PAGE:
'Lost' colonial papers made public

 

The Foreign Office has finally made public the first batch of
thousands of "lost" colonial era files believed to have been destroyed.

The documents, which were secretly sent back to the UK when former colonies became independent, shed new light on how British officials ran overseas territories including Kenya, Cyprus and present-day Malaysia.

They also record how colonial administrators planned to burn other classified papers - potentially revealing abuses committed under British rule - before handing power to the new indigenous governments.

The Foreign Office only admitted last year that it held some 8,800 files at Hanslope Park in Buckinghamshire which were "migrated" to Britain from colonies at the time of independence because of their sensitivity.

More than 1,200 of these records were released today at the National Archives in Kew, west London, the first of six tranches in a process due to be completed by November 2013.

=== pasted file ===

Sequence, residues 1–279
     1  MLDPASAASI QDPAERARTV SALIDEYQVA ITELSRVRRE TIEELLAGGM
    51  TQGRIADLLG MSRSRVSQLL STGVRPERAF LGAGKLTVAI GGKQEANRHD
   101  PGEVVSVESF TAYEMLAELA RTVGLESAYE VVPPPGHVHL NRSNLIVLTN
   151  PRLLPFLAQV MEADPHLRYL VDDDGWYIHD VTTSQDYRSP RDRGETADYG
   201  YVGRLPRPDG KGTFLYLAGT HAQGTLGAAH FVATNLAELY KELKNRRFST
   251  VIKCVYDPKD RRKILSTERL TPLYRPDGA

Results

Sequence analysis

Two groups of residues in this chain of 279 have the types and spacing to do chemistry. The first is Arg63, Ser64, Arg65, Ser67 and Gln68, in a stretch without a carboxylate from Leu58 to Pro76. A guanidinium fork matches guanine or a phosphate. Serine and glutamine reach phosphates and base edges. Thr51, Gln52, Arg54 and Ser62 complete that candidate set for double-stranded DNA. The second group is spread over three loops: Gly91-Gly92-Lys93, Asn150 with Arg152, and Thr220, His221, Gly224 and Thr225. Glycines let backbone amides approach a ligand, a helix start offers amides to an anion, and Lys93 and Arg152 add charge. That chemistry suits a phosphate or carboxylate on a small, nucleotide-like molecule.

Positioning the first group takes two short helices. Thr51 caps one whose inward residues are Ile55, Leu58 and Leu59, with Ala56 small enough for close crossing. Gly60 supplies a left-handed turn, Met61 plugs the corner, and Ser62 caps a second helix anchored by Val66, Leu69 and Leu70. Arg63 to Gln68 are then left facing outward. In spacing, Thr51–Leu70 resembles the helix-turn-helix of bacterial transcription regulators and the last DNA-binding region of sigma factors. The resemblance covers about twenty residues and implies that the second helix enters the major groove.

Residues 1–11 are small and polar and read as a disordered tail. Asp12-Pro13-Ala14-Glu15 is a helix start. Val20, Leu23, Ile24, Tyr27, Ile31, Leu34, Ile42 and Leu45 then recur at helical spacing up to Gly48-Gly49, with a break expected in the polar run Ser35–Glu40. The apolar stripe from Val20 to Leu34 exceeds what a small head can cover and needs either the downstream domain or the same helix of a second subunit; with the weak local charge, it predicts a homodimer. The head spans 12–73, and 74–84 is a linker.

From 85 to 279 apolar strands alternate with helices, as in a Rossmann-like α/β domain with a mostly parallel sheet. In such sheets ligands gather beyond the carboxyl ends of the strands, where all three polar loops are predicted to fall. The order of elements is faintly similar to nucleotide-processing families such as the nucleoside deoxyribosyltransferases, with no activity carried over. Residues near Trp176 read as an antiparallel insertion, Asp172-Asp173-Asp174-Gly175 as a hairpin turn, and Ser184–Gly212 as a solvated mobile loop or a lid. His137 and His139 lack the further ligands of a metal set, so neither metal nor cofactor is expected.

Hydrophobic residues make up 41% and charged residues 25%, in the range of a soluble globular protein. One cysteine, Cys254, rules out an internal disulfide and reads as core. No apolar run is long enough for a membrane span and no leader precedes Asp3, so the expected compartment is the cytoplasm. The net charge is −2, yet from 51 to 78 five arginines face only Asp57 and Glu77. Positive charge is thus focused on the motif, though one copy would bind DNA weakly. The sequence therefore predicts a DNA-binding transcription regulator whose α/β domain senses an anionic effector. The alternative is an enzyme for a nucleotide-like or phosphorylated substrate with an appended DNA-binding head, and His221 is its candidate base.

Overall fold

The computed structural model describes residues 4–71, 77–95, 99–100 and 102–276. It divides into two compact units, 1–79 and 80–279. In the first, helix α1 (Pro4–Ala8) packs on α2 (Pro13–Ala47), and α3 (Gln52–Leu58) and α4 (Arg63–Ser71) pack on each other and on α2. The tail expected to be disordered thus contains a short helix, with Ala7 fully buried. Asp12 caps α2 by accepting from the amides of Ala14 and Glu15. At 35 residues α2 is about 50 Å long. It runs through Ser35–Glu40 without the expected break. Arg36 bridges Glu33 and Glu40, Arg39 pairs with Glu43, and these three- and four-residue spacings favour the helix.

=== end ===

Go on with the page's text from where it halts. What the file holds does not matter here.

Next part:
A memo in the Kenyan files dated May 1961 sets out the criteria under which papers were to be "migrated".

Then-colonial secretary Iain Macleod said the aim was to ensure no files were passed to a post-independence regime which "a) might embarrass HMG (Her Majesty's Government in Britain) or other governments; b) might embarrass members of the police, military forces, public servants or others eg police informers; c) might compromise sources of intelligence information; d) might be used unethically by ministers in the successor Government."

Dr Edward Hampshire, diplomatic and colonial records specialist at the National Archives, said these guidelines were interpreted "very liberally indeed" by the different colonial administrations, with one even retaining the personnel files for people working as drivers.

Kenyan ministry of defence files state that British officials were told to divide all documents into the categories of "legacy" material, which could be left behind, and "watch" material, which could not.